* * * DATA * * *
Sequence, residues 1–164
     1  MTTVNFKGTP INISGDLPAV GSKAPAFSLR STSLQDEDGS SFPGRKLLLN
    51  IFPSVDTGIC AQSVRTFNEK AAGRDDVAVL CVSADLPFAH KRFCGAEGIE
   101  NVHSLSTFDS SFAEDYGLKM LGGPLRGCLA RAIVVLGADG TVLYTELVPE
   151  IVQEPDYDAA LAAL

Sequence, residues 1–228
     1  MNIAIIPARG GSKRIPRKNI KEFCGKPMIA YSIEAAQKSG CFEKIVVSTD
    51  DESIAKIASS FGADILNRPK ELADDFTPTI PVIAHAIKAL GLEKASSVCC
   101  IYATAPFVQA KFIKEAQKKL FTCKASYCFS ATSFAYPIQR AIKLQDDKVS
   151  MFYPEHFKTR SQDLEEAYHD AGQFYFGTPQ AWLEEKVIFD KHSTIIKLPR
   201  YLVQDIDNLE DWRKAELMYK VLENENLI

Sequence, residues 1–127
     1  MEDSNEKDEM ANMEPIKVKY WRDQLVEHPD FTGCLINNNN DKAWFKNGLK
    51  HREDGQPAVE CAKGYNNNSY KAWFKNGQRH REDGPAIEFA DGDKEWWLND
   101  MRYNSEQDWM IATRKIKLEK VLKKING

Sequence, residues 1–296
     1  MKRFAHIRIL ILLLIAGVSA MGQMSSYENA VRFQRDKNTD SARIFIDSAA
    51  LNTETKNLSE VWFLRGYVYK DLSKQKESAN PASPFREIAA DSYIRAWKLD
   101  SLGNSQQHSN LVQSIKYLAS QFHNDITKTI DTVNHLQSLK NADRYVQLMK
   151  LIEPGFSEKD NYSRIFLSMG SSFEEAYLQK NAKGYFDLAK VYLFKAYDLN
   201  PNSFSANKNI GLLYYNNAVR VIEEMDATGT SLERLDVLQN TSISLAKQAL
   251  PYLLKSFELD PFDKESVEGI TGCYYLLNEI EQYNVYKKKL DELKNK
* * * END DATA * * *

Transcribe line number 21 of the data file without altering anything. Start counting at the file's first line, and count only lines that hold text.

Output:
   201  PNSFSANKNI GLLYYNNAVR VIEEMDATGT SLERLDVLQN TSISLAKQAL